What's New? Update – November 14, 2002

Hi Folks,

My original intention was to update this column every month or so, and additionally when something new and exciting called for sharing. But life has a way of getting away from us despite good intentions. I hope I'll be able to write more regularly in the future. Here's some of what has kept this column from being updated until now.


Plans are proceeding for a revised edition of Victims No Longer, but the release date has been postponed until 2004 to allow more changes and updates to be included. We want this 15th anniversary edition to be special. I've been hard at work on it, adding new chapters and sections on clergy and other institutional abuse, workshops,additional male survivor statements and new focus sections, updated bibliography and resource sections, a new preface and introduction, and some other surprises. I'm very pleased with the results so far. I'll let you know when I have more information.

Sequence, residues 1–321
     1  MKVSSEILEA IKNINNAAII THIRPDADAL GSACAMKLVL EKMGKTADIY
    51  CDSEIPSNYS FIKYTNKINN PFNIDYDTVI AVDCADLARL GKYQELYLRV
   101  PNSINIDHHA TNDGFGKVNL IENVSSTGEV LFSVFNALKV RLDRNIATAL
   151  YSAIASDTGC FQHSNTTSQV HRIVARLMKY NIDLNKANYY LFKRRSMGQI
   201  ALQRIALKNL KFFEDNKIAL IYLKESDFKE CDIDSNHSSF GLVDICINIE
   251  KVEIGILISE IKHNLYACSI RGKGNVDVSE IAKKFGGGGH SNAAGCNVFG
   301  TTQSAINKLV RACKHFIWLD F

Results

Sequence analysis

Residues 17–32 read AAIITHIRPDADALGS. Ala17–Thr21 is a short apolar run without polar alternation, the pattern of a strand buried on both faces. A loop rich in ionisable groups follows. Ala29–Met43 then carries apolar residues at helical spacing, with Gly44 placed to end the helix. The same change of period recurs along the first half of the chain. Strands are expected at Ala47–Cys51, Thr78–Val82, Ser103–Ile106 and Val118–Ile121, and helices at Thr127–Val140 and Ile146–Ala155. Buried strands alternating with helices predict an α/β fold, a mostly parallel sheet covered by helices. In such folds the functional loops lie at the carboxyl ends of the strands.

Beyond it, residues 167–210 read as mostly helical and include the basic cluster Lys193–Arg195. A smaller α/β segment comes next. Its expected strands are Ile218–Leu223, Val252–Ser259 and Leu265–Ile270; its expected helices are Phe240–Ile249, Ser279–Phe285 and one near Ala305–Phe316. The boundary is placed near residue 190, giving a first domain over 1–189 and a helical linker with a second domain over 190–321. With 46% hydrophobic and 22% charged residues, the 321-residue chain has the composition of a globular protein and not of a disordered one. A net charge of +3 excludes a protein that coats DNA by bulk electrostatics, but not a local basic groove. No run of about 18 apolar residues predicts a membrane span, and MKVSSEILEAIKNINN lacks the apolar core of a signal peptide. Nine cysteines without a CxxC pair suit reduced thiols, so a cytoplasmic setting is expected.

Spending the month of September in Australia provided a series of extraordinary experiences. During my time in Oz, I met wonderful people, was again impressed by the power, courage, intelligence, creativity and dedication of survivors, people who care about them, and the professionals who work with them.

The people who organized (organised if you're Australian) the events were all amazing. They welcomed me, cared for me, worked ceaselessly to make these events a reality, and, in the process, moved from esteemed colleagues to valued friends. Consider this a public expression of my gratitude.